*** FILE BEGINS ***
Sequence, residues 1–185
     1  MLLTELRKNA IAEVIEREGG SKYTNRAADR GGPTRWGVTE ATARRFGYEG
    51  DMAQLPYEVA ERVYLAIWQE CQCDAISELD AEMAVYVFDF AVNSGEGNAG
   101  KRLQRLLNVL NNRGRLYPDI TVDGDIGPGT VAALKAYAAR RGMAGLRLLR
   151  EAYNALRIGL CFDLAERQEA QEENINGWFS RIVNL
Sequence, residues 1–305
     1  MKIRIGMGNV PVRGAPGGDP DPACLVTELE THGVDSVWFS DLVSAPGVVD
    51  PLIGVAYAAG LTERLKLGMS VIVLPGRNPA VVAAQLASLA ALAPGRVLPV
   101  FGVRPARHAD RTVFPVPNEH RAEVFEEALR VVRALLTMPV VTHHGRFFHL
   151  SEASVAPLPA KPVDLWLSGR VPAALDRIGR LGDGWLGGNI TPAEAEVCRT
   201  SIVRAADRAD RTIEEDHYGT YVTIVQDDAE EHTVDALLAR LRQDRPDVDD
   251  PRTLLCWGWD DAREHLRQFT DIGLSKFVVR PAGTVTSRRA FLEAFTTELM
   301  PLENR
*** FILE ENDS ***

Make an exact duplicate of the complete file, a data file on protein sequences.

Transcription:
Sequence, residues 1–185
     1  MLLTELRKNA IAEVIEREGG SKYTNRAADR GGPTRWGVTE ATARRFGYEG
    51  DMAQLPYEVA ERVYLAIWQE CQCDAISELD AEMAVYVFDF AVNSGEGNAG
   101  KRLQRLLNVL NNRGRLYPDI TVDGDIGPGT VAALKAYAAR RGMAGLRLLR
   151  EAYNALRIGL CFDLAERQEA QEENINGWFS RIVNL
Sequence, residues 1–305
     1  MKIRIGMGNV PVRGAPGGDP DPACLVTELE THGVDSVWFS DLVSAPGVVD
    51  PLIGVAYAAG LTERLKLGMS VIVLPGRNPA VVAAQLASLA ALAPGRVLPV
   101  FGVRPARHAD RTVFPVPNEH RAEVFEEALR VVRALLTMPV VTHHGRFFHL
   151  SEASVAPLPA KPVDLWLSGR VPAALDRIGR LGDGWLGGNI TPAEAEVCRT
   201  SIVRAADRAD RTIEEDHYGT YVTIVQDDAE EHTVDALLAR LRQDRPDVDD
   251  PRTLLCWGWD DAREHLRQFT DIGLSKFVVR PAGTVTSRRA FLEAFTTELM
   301  PLENR